Employee Appreciation Day started in the US as a way for companies to show their employees that their work is valued. It has since been extended to other parts of the world.
Employee appreciation is not just a token of thanks towards employee contribution, rather it involves a genuine acknowledgment of effort and dedication employees put into their jobs everyday and the impact this has on overarching organisational goals.
Creating a culture of sustained and consistent appreciation goes a long way towards positively impacting employee wellness and mental health as directing influencing employee recognition – an important aspect of employee wellbeing. This can have a significant impact on workplace culture, employee morale, motivation and loyalty at the workplace.
However, as employers and workplace leaders we need to look beyond the basic into nuances of appreciation.
Who do we find it easier to appreciate at work?
What values or aspects of employees are we appreciating?
If we look closer at this we may find certain biases present :
- Proximity bias, those who we tend to be in close proximity with are easier to appreciate because the proximity allows for a deeper bond to develop.
- Affinity bias , those who we share a lot in common with or have affinity with tend to be easier to spot when it comes to valuing and even noticing their accomplishments
- Gender bias, certain genders having more privilege by virtue of their gender roles in a patriarchal society – like men tend to be valued more, especially when they are performing visibly – staying back late, being available and being confident. However, we need to keep in mind that these same traits that value commitment may not be the same across the gender spectrum. Commitment may look different in the efforts of other employees, and those efforts may not be as easily visible. Gender bias may also show up in the way that we make sense of certain behaviours – for example with men, taking charge is seen as getting things done and as the mark of a leader. But often in women it’s seen as being bossy and dominating and has a negative impact to their image at work.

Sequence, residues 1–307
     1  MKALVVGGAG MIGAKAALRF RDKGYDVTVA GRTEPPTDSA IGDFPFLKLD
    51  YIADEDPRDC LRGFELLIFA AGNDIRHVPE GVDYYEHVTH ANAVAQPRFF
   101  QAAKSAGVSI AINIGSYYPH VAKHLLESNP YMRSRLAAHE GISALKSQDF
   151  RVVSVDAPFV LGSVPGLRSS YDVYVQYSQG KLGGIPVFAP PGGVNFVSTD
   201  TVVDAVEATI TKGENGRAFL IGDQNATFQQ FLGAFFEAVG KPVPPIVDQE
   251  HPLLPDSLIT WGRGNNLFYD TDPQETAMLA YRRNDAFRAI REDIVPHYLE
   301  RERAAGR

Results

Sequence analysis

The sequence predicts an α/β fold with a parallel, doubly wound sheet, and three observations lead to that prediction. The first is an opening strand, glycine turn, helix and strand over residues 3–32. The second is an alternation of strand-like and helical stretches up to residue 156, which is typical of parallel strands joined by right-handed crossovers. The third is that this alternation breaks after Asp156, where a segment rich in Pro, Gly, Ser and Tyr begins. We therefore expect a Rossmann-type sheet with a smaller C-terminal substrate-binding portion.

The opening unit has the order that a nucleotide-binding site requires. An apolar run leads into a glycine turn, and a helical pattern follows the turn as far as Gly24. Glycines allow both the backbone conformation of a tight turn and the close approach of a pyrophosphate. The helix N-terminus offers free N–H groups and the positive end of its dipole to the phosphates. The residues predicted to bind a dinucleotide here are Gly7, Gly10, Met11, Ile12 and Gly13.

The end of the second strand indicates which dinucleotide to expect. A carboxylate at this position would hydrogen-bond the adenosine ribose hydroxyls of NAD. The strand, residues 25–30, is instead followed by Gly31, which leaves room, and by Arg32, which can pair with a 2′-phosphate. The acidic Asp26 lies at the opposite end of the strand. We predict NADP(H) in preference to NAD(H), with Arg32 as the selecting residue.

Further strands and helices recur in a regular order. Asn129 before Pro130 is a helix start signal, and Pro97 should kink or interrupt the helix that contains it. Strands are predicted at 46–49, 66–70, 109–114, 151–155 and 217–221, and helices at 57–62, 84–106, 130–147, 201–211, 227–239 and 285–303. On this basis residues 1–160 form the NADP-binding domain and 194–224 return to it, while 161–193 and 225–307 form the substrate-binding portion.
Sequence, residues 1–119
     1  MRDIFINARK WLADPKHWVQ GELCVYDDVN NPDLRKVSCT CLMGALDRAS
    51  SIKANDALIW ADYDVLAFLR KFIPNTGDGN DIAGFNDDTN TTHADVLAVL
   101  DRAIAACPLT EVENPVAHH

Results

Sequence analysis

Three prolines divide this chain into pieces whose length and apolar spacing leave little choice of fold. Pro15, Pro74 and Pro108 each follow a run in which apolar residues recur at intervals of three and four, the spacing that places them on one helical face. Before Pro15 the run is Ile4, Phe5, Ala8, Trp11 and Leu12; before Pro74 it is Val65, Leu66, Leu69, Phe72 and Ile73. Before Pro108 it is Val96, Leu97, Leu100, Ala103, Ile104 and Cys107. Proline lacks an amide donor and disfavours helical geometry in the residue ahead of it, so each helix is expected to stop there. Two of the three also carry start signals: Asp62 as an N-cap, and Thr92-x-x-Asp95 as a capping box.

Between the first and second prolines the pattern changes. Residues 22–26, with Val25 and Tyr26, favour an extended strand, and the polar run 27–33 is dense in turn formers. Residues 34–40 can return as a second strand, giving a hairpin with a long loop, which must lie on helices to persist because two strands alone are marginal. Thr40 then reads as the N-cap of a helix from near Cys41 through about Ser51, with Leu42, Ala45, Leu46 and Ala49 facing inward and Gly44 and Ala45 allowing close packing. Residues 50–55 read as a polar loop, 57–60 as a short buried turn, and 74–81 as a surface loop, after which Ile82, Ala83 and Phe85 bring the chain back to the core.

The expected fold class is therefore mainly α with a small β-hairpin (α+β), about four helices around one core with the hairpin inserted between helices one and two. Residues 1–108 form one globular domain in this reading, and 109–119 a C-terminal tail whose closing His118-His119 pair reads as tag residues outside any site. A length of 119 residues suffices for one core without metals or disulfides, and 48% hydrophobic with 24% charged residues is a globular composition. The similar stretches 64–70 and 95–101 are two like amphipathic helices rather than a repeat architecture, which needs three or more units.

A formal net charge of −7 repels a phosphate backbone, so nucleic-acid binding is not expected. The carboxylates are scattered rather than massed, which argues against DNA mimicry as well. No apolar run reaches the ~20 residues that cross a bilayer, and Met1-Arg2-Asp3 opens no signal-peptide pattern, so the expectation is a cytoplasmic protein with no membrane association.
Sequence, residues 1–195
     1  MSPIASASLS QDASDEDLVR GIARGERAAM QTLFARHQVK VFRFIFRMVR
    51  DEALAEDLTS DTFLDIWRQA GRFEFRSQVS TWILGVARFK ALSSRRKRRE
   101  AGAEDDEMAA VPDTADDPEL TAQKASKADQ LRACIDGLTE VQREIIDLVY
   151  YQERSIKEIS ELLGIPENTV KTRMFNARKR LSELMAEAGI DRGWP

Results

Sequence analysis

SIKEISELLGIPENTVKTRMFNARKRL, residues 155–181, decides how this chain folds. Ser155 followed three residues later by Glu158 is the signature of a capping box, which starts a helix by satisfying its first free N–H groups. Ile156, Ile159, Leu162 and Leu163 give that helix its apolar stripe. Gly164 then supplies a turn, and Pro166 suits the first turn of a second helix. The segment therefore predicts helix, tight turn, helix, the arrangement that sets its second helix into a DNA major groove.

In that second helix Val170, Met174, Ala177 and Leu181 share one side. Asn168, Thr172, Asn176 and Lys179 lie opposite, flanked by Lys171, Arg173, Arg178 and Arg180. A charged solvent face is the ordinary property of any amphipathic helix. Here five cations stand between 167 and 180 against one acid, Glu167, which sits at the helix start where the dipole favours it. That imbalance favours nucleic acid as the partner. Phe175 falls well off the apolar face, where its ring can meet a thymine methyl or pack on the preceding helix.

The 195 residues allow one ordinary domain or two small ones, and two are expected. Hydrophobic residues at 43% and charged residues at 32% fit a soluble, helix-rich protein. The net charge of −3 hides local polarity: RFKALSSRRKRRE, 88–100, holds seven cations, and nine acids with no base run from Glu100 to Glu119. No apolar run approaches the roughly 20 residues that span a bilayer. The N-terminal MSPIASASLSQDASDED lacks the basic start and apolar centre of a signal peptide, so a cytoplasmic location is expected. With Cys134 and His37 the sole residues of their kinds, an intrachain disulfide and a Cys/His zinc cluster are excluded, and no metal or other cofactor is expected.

Studies also show that during appraisals, men usually get feedback on their work i.e more actionable feedback, and feedback to women tends to be less actionable, more vague and contradictory and focused on behaviour. This clear bias can creep into our ability to notice and respond to contribution, effort and commitment made by the women employees at work.
Keeping this in mind, lets strive to ensure the employee appreciation in our workspaces grows beyond a day or a management mandate, in the true spirit of empowerment across the workforce.
– By Rosanna Rodriguez and Samriti Makar Midha